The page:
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From "Steve Loughran" <steve.lough...@gmail.com>
Subject Re: Summary
Date Thu, 02 Mar 2006 11:10:52 GMT
On 3/2/06, Niclas Hedhman <niclas@hedhman.org> wrote:
> On 3/2/06, Brett Porter <brett.porter@gmail.com> wrote:
> > I understand, but that requires that you get and importa keys, which
> > is a much more sophisticated operation. All we are using the sha1 for
> > is to check that the download didn't get cut off halfway through.
> >
>  I think Brett has a point. Keep the md5 and/or sha1 for simple download
> verification, at least for quite a while. Meanwhile, Maven folks and we who
> do those automated download tools, can start look into a pgp driven solution
> which solves both the download integrity concern as well as the security
> aspects. But I think that will take a year or two, before it has been pushed
> out and can replace the checksum...

md5 and sh1 are nice and easy to verify in java; no extra libs. pgp
needs bouncy castle.

In smartfrog, you can declare a deployment descriptor not just the
version of a lib to d/l, but its md5/sha1 checksum, which is then used
to check the integrity of the app: the deployment will fail if the
checksum is unequal.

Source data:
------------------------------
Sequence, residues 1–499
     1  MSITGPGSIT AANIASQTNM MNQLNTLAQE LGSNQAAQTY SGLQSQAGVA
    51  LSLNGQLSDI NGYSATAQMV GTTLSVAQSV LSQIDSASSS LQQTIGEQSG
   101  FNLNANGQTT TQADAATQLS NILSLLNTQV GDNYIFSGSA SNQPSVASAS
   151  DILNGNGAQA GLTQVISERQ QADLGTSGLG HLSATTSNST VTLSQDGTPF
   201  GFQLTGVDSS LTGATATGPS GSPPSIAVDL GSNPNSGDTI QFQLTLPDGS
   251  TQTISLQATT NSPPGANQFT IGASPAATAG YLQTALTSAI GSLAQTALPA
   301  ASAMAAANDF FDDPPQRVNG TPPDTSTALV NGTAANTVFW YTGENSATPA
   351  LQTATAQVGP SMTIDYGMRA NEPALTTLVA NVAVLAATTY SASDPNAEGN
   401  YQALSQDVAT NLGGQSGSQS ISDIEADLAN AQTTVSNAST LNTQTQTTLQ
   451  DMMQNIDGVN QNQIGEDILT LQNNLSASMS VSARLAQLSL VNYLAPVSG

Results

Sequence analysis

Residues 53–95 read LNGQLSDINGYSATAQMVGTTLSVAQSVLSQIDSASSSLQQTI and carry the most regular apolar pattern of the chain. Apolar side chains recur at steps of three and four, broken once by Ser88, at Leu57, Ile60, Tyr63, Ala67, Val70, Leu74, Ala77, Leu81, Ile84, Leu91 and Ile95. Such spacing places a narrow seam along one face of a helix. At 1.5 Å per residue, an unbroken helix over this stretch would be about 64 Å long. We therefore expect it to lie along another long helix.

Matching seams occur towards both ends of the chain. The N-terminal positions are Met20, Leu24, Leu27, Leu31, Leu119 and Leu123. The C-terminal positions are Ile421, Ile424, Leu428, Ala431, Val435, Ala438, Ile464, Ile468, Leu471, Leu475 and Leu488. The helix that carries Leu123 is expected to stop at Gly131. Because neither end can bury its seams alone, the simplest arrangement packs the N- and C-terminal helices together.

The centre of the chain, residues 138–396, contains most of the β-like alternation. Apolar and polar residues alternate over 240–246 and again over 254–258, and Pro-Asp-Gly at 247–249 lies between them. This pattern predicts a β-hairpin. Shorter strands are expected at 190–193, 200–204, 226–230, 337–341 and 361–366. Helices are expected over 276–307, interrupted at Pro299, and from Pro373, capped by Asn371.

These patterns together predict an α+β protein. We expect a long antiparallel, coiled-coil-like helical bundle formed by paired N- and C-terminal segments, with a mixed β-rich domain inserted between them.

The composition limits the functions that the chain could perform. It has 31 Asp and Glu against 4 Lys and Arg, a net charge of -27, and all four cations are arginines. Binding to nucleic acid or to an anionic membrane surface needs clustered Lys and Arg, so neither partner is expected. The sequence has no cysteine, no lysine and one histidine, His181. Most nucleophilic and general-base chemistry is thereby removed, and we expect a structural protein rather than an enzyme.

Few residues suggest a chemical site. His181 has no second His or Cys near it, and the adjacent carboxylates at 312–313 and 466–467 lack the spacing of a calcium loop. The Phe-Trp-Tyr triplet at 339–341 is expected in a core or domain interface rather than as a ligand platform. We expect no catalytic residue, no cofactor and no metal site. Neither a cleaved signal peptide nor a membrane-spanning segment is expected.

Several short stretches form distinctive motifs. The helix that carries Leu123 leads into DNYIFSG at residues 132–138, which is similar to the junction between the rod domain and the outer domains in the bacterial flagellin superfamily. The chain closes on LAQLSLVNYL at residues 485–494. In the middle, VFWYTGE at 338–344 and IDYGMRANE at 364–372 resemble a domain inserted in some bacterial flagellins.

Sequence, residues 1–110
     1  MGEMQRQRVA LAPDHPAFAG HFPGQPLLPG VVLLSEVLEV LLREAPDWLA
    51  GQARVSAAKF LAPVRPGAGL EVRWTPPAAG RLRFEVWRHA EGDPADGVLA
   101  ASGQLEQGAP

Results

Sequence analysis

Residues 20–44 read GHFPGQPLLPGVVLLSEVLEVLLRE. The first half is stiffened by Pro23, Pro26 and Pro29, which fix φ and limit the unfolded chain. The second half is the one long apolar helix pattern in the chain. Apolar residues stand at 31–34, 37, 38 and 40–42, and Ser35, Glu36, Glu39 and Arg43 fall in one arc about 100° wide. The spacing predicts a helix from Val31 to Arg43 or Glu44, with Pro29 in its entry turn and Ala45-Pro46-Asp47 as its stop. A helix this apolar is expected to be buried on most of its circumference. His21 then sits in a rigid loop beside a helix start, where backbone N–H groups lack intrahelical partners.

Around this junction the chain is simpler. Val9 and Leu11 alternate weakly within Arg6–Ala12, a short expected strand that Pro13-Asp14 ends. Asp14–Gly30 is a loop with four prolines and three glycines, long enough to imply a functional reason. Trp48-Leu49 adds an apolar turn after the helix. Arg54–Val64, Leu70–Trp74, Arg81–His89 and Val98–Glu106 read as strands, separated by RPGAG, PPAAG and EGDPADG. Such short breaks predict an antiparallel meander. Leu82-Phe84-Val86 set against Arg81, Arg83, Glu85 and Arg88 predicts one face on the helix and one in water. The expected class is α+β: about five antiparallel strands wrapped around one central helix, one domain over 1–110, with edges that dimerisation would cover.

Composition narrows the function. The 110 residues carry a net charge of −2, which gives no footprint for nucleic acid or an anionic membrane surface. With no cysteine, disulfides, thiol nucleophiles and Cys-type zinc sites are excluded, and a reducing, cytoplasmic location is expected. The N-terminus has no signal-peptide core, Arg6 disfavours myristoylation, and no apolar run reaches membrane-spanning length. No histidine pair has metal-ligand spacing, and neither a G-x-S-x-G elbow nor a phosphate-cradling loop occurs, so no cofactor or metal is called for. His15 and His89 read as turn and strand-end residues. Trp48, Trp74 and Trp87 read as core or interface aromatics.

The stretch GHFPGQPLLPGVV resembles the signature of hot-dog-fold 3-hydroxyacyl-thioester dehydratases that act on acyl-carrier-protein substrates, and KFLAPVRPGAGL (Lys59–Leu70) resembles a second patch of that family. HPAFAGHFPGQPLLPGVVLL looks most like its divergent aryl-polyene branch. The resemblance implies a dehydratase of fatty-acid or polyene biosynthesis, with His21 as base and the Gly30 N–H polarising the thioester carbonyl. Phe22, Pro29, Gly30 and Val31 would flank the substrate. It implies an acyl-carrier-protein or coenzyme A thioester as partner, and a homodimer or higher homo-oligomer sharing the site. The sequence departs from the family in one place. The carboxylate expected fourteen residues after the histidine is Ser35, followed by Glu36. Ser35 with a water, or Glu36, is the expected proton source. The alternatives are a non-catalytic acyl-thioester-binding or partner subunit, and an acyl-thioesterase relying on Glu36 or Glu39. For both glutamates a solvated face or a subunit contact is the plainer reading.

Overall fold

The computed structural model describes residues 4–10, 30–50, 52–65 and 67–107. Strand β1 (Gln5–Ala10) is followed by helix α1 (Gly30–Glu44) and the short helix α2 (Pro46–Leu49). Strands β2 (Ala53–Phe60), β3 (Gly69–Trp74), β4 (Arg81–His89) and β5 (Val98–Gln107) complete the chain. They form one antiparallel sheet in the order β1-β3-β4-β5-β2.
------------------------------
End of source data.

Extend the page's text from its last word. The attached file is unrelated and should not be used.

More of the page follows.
the deploymend descriptor itself then goes into a signed jar, which
the daemon retrieves the descriptor from, verifying the signing in the
process. And the daemons only trust JAR files signed by the select few
entitities you explicitly add: there is no default. As a result, the
sha1 checksums of the redistributed artifacts are the end of the
security chain, which is about as strong as Sun's JAR signing
mechanism (which is MD5, right?)

Interestingly we dont redist Smartfrog signed, even though we could,
because then the sun classloader switches into wierd-mode, every jar
signed is inherently sealed except to other jars signed by the same
signatories, even if you dont say "sealed" in the manifest. this has
adverse consequences. For example, hibernate doesnt work properly when
trying to persist classes in signed JARs, because it tries to create
new proxy classes in the same package.

I dont understand all this security stuff; I have a colleague who
claims to, and he is sufficiently paranoid that I have to go with him.
He doesnt trust TPMs because the government may have got there first,
even though they were invented in our building, by people we know.


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